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Guardrail end caps fail to meet safety expectations

DENVER -- Kristen Gerhard’s memory of a June trip down Interstate 25 still comes in painful flashes.

I-25 crash scene at Johnstown exit

I-25 crash scene at Johnstown exit

The 31-year-old Fort Collins resident was returning from a job interview when she said she had a moment of indecision as to whether or not to take the Johnstown exit. By the time she corrected her Dodge Durango, it was too late.

Police and emergency reports show Gerhard hit a guardrail end cap terminal nearly head-on.

Although the guardrail system was designed to make such accidents less traumatic, the opposite occurred.

A forensic mechanical expert concluded the safety device failed to do its job, jamming up instead of feeding the guardrail through the terminal mechanism.

Rail through SUV interior

Rail through SUV interior

By the time Gerhard came to a stop, a 12-foot section of guardrail had doubled-up on itself and pierced through the driver’s door.

The metal crushed her lower legs, slicing through her left foot.

"I remember waking up and, because all the air bags had gone off, it was kind of sparking in the air, and I thought it was going to catch fire so I started trying to get out and my foot is stuck and I (pause) it was a horrible situation," Gerhard said.

Kristen Gerhard

Kristen Gerhard

Surgeons at first told Gerhard they were going to have to amputate, but after four surgeries, skin grafts and ligament replacements, Gerhard has regained some use of the foot.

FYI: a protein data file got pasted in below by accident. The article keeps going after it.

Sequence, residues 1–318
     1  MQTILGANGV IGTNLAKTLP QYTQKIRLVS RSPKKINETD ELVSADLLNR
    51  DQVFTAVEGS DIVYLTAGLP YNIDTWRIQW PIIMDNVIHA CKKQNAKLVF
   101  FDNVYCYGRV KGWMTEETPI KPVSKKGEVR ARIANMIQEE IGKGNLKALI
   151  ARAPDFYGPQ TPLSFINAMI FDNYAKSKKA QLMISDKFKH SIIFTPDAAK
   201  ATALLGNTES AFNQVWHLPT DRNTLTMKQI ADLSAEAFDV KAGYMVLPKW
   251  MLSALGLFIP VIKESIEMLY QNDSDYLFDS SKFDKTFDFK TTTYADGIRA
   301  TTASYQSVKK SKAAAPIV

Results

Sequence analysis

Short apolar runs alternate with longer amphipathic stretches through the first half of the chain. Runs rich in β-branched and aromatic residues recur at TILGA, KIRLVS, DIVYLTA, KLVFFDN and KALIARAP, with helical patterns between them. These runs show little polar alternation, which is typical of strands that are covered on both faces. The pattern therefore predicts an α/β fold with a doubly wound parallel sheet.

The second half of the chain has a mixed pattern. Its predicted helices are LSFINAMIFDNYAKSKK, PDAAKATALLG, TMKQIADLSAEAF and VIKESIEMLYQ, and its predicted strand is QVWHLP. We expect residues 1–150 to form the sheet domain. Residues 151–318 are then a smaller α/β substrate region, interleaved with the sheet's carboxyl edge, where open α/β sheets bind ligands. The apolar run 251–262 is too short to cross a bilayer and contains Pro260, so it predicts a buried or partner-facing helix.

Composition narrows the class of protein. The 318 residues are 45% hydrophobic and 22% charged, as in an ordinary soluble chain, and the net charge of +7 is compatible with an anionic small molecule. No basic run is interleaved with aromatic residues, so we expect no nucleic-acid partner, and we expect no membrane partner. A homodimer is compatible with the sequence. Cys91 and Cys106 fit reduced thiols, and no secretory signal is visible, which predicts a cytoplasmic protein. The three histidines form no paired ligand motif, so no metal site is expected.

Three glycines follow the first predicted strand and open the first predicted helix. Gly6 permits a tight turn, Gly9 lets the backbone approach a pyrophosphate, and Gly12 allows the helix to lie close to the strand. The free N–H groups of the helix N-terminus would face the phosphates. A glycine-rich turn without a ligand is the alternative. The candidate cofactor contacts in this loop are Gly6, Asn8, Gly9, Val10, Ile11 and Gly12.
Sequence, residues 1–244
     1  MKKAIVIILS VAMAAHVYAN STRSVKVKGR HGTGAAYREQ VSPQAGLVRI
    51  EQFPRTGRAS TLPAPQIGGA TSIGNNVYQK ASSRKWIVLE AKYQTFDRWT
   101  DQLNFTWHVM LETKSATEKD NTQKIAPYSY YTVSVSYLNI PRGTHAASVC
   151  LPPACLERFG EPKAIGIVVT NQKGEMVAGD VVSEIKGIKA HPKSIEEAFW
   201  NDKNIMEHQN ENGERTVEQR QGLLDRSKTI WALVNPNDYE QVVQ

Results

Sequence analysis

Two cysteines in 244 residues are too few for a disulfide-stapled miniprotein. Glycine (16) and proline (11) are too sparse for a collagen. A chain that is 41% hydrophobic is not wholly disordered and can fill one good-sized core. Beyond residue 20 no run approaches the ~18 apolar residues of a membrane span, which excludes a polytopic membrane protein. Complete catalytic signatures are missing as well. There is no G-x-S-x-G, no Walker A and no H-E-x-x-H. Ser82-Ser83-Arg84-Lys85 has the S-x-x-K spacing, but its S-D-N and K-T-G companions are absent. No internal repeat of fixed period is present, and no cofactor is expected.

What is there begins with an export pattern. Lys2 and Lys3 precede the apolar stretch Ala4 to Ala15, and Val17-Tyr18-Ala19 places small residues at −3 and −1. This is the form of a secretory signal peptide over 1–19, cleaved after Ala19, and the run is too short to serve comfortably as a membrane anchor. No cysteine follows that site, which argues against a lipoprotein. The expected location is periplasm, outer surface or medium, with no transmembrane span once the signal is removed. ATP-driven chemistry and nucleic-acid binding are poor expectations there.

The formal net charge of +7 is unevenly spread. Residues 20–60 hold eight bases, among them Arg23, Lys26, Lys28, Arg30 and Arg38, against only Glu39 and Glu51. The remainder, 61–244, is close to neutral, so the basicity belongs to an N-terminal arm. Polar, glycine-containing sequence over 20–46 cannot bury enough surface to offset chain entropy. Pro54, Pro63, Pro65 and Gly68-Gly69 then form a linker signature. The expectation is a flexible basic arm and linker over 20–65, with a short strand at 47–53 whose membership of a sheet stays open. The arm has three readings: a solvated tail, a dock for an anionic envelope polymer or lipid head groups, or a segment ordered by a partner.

During the months of rehabilitation, she kept wondering: Why did the guardrail not protect her instead of being the primary cause of her injuries?

“Had it not buckled that way, I believe I would have just kind of rolled down the hill that was there and stopped without even going over,” Gerhard said.

A lengthy investigation into the guardrail system involved in Gerhard’s crash found she is far from the only driver seriously injured or killed by end cap terminals failing to perform as designed.

Federal and state officials know about the safety devices’ limitations, but thousands of outdated or questionable end caps remain along highways.

Reconstructing the accident

A Colorado Department of Transportation work order shows just hours after Gerhard’s SUV destroyed the guardrail system near exit 252 in Weld County, the state ordered repairs and replacement.

The expediency in which CDOT moved to remove the mangled end cap terminal and put up a newer, better version set off alarms with Gerhard’s boyfriend, David Edwards.

“I drive Interstate 25 all the time,” Edwards said. “You see chunks of guardrail that sit there not fixed for months. And this one, as soon as I made contact the next day, it seems it was put back up and cleaned up.”

Edwards said he went to the CDOT operations center in Loveland shortly after the crash and asked if he could have the end cap. Edwards said he was told him no and that the piece had been destroyed.

Kristen and David with Chris Halsne

Kristen and David with Chris Halsne

Unfazed, Edwards went to the junkyard and bought the smashed SUV, with the guardrail still inside it, as potential evidence.

The FOX31 Problem Solvers took video of the crushed Dodge and pictures from the crash scene to Knott Laboratory in Centennial. It specializes in accident reconstruction.

Director of mechanical engineering Ben Railsback reviewed the material and came to a powerful conclusion.

“It failed to do its job,” Railsback said. "So, when I see a safety device that's not reliable and fails to do what it was promised to do, to me that's a dangerous product. ...

Knott Lab

Knott Lab

"It's supposed to keep a car on the road, instead of going through the car."

Railsback explained how the slit in the end cap was supposed to allow the guard to feed through, but because the SUV front-end jammed up the sliding rail, the end cap snapped off.